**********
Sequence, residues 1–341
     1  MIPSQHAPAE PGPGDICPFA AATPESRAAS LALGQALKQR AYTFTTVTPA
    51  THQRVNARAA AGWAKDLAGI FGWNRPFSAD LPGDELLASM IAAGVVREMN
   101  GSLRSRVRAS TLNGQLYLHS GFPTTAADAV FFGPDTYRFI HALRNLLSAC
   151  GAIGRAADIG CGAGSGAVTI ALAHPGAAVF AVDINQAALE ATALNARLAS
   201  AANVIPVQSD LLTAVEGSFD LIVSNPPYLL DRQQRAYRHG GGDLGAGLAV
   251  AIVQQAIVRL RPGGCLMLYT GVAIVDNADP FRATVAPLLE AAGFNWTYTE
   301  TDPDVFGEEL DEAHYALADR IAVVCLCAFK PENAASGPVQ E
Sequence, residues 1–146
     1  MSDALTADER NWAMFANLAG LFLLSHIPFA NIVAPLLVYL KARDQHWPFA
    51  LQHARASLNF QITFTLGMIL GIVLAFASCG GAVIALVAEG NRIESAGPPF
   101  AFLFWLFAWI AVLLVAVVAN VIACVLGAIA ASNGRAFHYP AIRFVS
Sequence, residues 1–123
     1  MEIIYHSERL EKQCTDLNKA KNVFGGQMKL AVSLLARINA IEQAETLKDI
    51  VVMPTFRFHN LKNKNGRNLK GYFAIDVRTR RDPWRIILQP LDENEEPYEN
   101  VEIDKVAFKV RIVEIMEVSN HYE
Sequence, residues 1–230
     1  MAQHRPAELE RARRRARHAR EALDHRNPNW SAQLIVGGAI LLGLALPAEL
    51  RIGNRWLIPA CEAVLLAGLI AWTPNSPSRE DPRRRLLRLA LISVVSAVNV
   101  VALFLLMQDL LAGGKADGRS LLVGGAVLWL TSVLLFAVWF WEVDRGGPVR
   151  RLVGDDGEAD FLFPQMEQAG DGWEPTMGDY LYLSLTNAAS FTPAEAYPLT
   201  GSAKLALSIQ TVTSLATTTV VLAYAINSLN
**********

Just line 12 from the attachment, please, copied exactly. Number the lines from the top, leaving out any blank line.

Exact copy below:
   101  AFLFWLFAWI AVLLVAVVAN VIACVLGAIA ASNGRAFHYP AIRFVS